Guest blogged by Winter Patriot
It's always nice to find a website that features plenty of talk about freedom, democracy and the press. But it's a special treat when you can actually see these things in action.
Welcome to Aljazeera. Three news items hit the front page at almost the same time today, and the story they tell in combination is much greater than the sum of its parts...
FREEDOM means you are free to tell everybody else what to do, if you're the big dog. Otherwise, FREEDOM means you are free to do what the big dog tells you to do. Have a look at some FREEDOM in action!
A top Chinese finance official said recently that Beijing has no timeframe for reform of its foreign exchange system, despite increasing pressure from the United States and others to throw open its currency regime.
Snow is trying to get the Chinese to move to 'greater flexibility' with an urgency which reflects rather poorly on a supposed great power, but then again he is probably trying so hard because he knows that without at least some measure of support from the Chinese, the American dollar would sink like a rock. And therefore he must be enjoying his freedom to tell the Chinese what to do --- and to do so in a very public way:
"We're disappointed they haven't moved, we are not happy with where they are and now is the time for them to move."
Well of course it's time for them to move, Mr. Snow. In your eyes. But what if the Chinese have a different view of how they should run their economy? What are you gonna do then? Give them a little bit of Democracy?
DEMOCRACY is what we have bestowed upon Iraq. It is also what we have here at home. Have a look at some Iraqi DEMOCRACY!
Among the ruins, the unemployed Iraqi shares a single room with 13 members of his family.
Everybody says you can't enjoy FREEDOM and DEMOCRACY without a free and aggressive press corps. And rightly so.
THE PRESS tells us what's going on in the world. We cannot do a good job as informed citizens unless our press does a good job of being aggressive in the search for truth. Is that what's happening at the moment? Have a look at what's going on in the world of THE PRESS.
Reporters Without Borders (RWB) said on Tuesday that press freedom "remains just a frustrated hope in Africa", and "informing the public in North Africa, the Middle East and Iran is a very risky business".
The Paris-based organisation also said that many Asian journalists have been reduced to "propaganda".
Oh yeah? Wonder what parts of Asia they are thinking of!
Does it ever!!
Among other things, it means you have to go to sites like Aljazeera to get news and information unfiltered through rose-colored glasses.
But there's a bonus, because once you get past the idea that somehow there's something shameful or unpatriotic about reading news of the Middle East that actually comes from the Middle East, you will find that Aljazeera's coverage is not nearly as radical as the American mass-hypnosis media would like you to believe. [More on that in another installment, maybe.] In addition, there's almost always a link to an insightful essay by Scott Ritter.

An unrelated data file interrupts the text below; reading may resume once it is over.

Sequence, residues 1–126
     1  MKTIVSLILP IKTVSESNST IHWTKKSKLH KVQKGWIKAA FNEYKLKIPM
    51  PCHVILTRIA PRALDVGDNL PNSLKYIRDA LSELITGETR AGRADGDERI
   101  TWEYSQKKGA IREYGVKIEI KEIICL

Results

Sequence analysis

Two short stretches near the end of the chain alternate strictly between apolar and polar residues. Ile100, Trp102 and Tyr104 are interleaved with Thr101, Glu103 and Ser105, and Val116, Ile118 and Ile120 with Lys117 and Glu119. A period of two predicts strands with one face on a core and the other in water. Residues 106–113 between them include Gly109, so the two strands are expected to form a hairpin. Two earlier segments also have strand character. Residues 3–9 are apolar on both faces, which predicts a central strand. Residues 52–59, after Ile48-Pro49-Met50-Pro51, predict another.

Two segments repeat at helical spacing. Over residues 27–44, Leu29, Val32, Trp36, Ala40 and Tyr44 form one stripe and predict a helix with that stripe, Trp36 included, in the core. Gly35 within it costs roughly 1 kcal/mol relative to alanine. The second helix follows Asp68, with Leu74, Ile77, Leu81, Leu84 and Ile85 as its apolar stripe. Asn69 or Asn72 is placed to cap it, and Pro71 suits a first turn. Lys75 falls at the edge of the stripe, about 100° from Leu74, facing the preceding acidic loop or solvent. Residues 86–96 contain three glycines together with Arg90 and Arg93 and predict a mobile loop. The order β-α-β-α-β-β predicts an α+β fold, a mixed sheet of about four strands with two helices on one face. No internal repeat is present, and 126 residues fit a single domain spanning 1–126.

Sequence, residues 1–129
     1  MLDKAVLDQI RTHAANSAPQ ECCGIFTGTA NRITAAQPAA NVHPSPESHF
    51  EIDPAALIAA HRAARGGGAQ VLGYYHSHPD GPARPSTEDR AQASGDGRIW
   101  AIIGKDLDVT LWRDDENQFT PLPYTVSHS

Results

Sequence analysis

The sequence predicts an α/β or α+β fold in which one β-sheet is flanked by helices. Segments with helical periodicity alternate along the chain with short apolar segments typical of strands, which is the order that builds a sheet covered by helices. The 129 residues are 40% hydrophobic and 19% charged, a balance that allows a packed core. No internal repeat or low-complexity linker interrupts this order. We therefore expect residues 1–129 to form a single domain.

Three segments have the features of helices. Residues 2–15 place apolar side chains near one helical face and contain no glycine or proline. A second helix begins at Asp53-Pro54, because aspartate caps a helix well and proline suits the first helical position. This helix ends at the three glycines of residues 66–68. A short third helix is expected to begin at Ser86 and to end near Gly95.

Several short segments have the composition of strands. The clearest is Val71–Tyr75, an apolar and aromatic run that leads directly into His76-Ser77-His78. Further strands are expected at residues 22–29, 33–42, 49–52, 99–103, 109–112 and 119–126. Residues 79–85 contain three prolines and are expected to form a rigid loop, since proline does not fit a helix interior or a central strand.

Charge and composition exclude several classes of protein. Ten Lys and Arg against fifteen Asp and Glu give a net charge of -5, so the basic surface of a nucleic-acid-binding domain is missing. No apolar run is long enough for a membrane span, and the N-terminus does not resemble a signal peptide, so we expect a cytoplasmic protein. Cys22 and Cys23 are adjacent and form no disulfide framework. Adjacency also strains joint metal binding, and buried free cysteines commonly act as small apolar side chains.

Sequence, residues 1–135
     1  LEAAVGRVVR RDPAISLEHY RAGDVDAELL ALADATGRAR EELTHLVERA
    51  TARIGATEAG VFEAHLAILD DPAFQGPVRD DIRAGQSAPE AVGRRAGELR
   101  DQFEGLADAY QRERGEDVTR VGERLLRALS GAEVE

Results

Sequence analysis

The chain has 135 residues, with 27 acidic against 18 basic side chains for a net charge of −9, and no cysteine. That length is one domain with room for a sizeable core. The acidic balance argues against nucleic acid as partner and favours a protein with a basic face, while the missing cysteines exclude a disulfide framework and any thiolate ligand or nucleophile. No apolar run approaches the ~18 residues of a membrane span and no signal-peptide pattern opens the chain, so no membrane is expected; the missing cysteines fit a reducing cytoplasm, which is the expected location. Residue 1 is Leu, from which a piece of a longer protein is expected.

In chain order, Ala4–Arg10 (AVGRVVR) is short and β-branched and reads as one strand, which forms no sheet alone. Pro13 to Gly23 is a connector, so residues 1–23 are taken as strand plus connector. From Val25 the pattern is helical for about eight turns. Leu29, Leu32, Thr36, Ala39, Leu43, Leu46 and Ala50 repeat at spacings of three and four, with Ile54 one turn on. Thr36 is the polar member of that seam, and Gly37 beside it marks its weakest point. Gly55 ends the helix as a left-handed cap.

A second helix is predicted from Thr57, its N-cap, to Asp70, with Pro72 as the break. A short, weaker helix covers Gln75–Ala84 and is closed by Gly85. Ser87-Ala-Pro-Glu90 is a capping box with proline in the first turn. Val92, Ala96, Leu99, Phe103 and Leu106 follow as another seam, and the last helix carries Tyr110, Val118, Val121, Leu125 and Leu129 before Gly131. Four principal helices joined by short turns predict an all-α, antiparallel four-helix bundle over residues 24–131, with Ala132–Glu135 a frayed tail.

The American press and punditry, intimidated and compensated into slavishly reporting on Iraq solely along lines that will not overly alienate them from the powers that be inside the administration of George Bush, have long ago foregone drawing comparisons between the ongoing conflict in Iraq and the one America lost in Southeast Asia some three decades in the past.
The lack of a basis for direct comparison makes accomplishing the denigration of any such correlation between conflicts all-too-easy for the uninformed consumer of what passes for "news" in America today: the terrain is different, the scale of violence is different, the Cold War is over, and, of course, everything changed after 9/11.
Recently, the chairman of the Joint Chiefs of Staff, General Richard Myers, insisted, at a press conference, that the US and coalition forces were winning the war in Iraq, and noted that he was confident of a military victory.
You may ask yourself: Why should we have to rely on a foreign news service for coverage like this? And the answer of course is that we shouldn't!!
And in fact we don't, not really, not if we can read between the lines. Here, look at some of what CNN had on their site today:
This appears to contradict statements made last week by the president in his news conference, according to the CNN article.
Bush said he asked the general, "Do you feel that we've limited our capacity to deal with other problems because of our troop levels in Iraq?
"And the answer is, no, he doesn't feel we're limited," Bush said.
In other words, the supposedly all-powerful USA is getting its reality-based ass kicked in Iraq but its faith-based leadership is too deluded to admit it. Or to let dissenting opinions stand.
Scott Ritter may think "Vietnam" when he sees all this happening; but a different word comes to my mind: "Madness!" In some ways --- and in this context --- I suppose the two words mean the same thing...
It's almost too surreal to believe. But I am not making this up. It's coming from all over the place. And how could these sources be any more different? Scott Ritter is using plain English when he says "This looks just like Vietnam". And CNN is being a bit more subtle about it. But once you get past the differences in style, you'll see that they're both telling us the same story.
Such is the role of the PRESS in an age of FREEDOM and DEMOCRACY.